Red flag symptoms: Skin nodules

Patients presenting with nodules are often worried about the cosmetic appearance or the potential for malignancy.

The abcde of melanoma

A - Asymmetry
B - Border irregularity
C - Colour variation
D - Diameter over 6mm
E - Evolving (enlarging, changing)

Nodular melanoma is an aggressive tumour that usually occurs in a younger age group. Dark pigmentation or an irregular shape may indicate malignant melanoma.

Excision biopsy should be carried out to determine any malignancy. A nodule in a mole is undeniably a red flag.

Squamous cell carcinoma may appear as a reddish brown or skin-coloured nodule. Nodular basal cell carcinoma is a common type of basal cell carcinoma. It is typically found in sun-exposed areas such as the face or the back of the hands, is usually slow growing and tends to only spread locally.

Many nodules over a widespread area may be a cutaneous manifestation of an underlying malignancy, especially in a middle-aged patient or where weight loss is also experienced.

Benign nodules
Warts usually appear as rough, skin-coloured growths with a hard, uneven surface but can also be smooth. They are frequently found on the hands around the nails or fingers. Treatment is not usually required and warts often resolve spontaneously.

Seborrhoeic warts are a benign build up of ordinary skin cells, often found in the elderly. Despite their name they are not related to viral warts. Most need no treatment but thorough examination is required to rule out malignancy.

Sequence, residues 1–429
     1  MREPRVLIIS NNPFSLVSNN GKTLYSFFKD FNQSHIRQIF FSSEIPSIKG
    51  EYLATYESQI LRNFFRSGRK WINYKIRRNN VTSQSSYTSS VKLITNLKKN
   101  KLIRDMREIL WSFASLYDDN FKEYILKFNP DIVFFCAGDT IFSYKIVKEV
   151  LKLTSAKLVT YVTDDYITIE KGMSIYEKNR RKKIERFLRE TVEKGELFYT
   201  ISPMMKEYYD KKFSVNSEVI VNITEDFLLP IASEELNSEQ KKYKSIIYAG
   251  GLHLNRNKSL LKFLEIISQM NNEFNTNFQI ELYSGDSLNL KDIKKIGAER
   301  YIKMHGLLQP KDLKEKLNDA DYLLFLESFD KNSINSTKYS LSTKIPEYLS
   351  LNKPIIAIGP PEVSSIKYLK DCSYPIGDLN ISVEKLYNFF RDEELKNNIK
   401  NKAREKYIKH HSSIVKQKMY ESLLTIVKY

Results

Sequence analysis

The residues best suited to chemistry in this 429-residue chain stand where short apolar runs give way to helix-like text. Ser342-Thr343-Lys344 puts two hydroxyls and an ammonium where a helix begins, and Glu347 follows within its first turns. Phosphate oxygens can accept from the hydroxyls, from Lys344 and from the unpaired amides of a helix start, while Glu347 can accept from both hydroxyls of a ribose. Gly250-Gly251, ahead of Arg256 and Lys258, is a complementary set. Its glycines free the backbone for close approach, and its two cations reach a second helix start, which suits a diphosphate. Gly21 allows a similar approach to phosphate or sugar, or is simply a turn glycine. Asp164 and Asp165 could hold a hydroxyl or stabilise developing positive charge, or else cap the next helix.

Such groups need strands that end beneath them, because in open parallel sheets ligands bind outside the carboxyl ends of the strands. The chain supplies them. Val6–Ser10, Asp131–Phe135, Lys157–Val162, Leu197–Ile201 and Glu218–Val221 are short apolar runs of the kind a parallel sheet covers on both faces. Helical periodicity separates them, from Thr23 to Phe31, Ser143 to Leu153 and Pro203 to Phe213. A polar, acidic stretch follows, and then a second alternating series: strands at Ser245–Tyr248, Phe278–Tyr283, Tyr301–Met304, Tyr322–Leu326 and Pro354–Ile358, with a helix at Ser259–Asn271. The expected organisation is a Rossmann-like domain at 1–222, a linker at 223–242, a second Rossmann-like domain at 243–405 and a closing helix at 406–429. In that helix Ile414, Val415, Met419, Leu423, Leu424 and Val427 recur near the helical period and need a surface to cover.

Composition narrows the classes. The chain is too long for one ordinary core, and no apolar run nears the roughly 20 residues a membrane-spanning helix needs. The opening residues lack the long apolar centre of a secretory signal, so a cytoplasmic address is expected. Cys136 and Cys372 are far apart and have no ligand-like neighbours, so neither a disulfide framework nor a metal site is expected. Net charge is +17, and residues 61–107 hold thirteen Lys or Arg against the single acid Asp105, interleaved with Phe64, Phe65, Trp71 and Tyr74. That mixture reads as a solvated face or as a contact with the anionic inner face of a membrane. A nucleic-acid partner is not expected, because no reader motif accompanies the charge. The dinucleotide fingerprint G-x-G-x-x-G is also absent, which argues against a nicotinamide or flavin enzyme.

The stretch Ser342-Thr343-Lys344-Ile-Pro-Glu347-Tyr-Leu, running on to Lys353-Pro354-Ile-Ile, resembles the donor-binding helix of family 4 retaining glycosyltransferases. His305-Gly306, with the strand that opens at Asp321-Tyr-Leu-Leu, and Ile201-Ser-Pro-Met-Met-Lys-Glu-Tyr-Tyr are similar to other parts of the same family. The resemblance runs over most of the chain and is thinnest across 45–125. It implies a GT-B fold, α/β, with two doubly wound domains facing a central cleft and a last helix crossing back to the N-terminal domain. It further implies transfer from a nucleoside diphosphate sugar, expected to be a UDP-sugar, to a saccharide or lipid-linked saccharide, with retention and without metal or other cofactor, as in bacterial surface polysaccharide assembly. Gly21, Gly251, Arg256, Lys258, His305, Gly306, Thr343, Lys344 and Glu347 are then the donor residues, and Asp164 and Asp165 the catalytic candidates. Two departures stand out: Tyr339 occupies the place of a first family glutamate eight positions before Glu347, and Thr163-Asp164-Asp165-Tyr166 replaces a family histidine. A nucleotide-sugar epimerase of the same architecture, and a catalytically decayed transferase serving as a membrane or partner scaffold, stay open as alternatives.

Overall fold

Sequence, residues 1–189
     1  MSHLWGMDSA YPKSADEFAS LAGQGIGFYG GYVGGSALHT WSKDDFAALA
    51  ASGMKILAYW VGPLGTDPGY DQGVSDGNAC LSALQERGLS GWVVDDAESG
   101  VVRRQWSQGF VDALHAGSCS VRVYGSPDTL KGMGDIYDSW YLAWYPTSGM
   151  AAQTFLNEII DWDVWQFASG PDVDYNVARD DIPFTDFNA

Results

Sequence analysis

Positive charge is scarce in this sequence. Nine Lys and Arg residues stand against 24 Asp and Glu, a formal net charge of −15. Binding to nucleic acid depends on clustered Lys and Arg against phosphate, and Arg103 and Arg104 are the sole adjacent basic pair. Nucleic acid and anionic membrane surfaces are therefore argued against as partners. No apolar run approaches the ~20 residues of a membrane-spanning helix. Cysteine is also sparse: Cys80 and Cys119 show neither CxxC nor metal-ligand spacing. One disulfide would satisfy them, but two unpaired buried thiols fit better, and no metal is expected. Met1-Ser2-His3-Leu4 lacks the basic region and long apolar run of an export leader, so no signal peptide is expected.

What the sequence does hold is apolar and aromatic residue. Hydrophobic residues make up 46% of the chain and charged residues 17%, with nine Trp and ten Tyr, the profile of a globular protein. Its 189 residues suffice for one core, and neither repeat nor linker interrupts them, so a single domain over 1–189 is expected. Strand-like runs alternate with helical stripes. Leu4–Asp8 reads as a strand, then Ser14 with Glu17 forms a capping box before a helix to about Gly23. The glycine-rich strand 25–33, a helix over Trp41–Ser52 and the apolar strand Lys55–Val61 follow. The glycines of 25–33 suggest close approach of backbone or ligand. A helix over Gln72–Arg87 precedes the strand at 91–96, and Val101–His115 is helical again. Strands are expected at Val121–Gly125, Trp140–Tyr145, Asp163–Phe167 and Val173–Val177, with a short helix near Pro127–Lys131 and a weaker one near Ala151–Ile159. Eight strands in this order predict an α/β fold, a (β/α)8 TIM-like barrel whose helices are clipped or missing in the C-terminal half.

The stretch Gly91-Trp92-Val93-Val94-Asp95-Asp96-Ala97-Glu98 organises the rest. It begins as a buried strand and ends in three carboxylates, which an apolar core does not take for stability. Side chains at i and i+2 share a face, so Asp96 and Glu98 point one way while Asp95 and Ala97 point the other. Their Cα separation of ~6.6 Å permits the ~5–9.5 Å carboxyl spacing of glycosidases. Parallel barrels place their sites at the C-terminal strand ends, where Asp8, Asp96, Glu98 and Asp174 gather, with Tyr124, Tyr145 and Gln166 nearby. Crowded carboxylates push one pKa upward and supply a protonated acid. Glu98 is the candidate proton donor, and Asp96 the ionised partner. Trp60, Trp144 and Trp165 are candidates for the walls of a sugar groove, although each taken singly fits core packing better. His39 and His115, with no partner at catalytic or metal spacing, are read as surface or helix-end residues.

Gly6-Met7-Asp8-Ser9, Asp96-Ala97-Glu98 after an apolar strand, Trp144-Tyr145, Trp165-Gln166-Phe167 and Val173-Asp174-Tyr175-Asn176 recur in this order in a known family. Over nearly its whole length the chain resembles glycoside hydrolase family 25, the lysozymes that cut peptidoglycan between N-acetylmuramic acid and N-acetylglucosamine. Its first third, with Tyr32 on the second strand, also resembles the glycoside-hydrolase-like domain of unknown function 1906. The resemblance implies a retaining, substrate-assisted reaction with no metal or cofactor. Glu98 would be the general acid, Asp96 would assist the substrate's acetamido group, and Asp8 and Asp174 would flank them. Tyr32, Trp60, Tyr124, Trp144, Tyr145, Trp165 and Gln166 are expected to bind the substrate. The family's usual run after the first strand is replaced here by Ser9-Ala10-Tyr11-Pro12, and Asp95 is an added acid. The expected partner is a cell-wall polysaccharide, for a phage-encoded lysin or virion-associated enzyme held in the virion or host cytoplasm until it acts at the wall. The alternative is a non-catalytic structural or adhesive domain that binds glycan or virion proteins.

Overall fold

Lipoma or dermatofibroma are common causes of nodules on the skin. A lipoma tends to be larger and very soft. Both are harmless and can be left untreated. There is low risk of any malignant change occurring. They can be removed, however, for cosmetic reasons.

Sebaceous cysts are very common. They are firm mobile cysts, usually skin coloured or yellow/white with a central punctum. They are usually found as a painless lump.

The appearance of many nodules under the skin could indicate neurofibromatosis. This condition is heralded by the presence of cafe au lait spots. Treatment is not required for this disease unless complications arise. The majority of these tumours are benign.

Possible causes

  • Malignancy
  • Wart
  • Lipoma
  • Dermatofibroma
  • Sebaceous cyst
  • Neurofibromatosis
  • Nodulocystic acne
  • Keloid scar

Resource

British Association of Dermatologists clinical guidelines www.bad.org.uk/healthcare/guidelines/

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